Current Trends in the Treatment of Jejunal Ulcer

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Until recent years the treatment of jejunal ulcer was considered a surgical problem. Recent communications show a trend toward medical management, except in patients with obvious indications for immediate surgery, such as perforation or gastrojejunocolic fistula. In a series of 29 consecutive cases observed at the Cleveland Clinic during the years 1930–1941, inclusive, immediate surgery was used in 4 cases, and medical management was instituted in 25 cases. Of the latter group 7 patients were not followed after the initial period of treatment, but 18 patients are known to have continued with medical management alone. The unusual swing of the pendulum to medical management prompted this review.

In recent years nonabsorbable antacids have been used in the treatment of peptic ulcer. The use of aluminum hydroxide gel was considered an important factor in the medical management of this group of patients.


In this study the term “jejunal ulcer” includes ulcers which develop subsequent to gastric surgery in the region of the anastomosis between the stomach and jejunum. Synonymous terms in the literature are stomal, anastomotic, or marginal ulcer. All patients had evidence of active jejunal ulcer by x-ray or gastroscopic examination, or both, at the time the diagnosis was established.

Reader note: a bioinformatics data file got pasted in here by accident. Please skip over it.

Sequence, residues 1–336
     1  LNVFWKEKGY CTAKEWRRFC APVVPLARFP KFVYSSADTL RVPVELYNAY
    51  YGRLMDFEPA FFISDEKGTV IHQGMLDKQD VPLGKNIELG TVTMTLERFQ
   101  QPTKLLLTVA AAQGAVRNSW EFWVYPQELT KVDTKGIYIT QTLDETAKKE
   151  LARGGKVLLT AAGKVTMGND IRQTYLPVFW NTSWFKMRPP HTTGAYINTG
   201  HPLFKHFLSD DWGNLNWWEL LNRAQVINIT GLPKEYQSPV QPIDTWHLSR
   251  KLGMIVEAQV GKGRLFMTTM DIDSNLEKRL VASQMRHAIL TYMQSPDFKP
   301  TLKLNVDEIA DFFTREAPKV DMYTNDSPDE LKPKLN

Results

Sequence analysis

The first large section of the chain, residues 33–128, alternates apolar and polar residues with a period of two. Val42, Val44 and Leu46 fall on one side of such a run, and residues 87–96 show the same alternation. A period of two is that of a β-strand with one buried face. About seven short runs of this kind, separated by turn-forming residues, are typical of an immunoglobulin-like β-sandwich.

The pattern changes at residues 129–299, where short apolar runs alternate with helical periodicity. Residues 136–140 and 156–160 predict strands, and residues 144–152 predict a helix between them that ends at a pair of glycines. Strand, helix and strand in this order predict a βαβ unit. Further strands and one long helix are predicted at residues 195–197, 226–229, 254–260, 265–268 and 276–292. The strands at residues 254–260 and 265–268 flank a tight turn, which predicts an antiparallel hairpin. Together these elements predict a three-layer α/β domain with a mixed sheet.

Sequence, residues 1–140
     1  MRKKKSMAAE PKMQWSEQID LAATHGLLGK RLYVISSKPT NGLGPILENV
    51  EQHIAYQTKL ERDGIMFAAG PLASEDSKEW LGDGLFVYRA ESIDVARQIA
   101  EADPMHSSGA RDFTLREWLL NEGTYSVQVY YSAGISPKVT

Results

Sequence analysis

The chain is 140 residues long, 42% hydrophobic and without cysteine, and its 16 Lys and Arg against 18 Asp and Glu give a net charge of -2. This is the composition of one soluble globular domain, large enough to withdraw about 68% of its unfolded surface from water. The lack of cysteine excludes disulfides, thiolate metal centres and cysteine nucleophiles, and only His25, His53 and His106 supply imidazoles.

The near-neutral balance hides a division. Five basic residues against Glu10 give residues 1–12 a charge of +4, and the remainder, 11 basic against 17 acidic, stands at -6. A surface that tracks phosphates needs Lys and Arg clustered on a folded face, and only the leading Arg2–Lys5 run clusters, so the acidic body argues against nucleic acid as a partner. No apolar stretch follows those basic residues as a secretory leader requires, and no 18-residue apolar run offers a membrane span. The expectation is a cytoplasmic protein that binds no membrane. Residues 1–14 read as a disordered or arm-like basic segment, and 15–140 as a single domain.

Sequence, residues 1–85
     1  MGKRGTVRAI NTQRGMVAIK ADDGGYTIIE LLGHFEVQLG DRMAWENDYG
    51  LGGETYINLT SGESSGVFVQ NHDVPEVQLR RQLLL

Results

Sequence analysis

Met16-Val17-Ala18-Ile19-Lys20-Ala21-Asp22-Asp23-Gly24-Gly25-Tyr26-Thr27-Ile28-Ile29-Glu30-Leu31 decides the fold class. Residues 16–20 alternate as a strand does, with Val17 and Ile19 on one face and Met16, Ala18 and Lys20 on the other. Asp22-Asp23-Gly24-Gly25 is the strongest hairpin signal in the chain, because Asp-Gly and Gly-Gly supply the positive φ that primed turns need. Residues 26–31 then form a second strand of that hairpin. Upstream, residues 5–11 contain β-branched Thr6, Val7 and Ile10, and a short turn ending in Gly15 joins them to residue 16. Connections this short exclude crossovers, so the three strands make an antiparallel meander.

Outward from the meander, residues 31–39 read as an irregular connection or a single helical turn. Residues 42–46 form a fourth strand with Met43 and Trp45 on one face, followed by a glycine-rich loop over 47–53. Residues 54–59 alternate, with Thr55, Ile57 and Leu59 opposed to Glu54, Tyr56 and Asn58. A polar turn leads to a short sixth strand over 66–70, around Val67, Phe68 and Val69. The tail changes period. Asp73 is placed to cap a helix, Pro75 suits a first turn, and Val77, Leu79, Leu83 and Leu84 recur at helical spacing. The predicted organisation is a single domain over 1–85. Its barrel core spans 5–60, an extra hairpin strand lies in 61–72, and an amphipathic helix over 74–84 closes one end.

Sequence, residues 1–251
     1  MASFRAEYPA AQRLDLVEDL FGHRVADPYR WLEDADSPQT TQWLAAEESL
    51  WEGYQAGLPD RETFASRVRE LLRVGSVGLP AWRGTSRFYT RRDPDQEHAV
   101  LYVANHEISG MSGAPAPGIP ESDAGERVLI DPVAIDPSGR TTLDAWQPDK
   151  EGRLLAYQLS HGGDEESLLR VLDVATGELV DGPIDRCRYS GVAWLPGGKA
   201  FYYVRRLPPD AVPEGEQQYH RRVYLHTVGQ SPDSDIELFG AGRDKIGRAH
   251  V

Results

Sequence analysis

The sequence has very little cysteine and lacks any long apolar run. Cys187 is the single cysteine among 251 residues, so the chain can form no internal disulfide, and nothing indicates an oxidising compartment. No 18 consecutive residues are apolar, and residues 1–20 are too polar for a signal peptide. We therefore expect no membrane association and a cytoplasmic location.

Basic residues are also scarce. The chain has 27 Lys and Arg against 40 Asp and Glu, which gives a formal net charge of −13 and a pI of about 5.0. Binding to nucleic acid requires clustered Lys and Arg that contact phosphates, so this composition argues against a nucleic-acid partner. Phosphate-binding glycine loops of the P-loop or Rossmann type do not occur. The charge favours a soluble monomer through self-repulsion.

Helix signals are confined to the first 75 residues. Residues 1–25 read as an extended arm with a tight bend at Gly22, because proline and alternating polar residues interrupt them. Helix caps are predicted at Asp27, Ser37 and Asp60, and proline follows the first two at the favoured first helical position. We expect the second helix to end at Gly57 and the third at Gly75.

The 4 patients undergoing surgery had serious complications of jejunal ulcer. Two patients had subacute perforations with abscess formation, and two had gastrojejunocolic fistulas. Other complications of jejunal ulcer, such as obstruction and massive hemorrhage, when not controlled by adequate medical management, call for surgical intervention.



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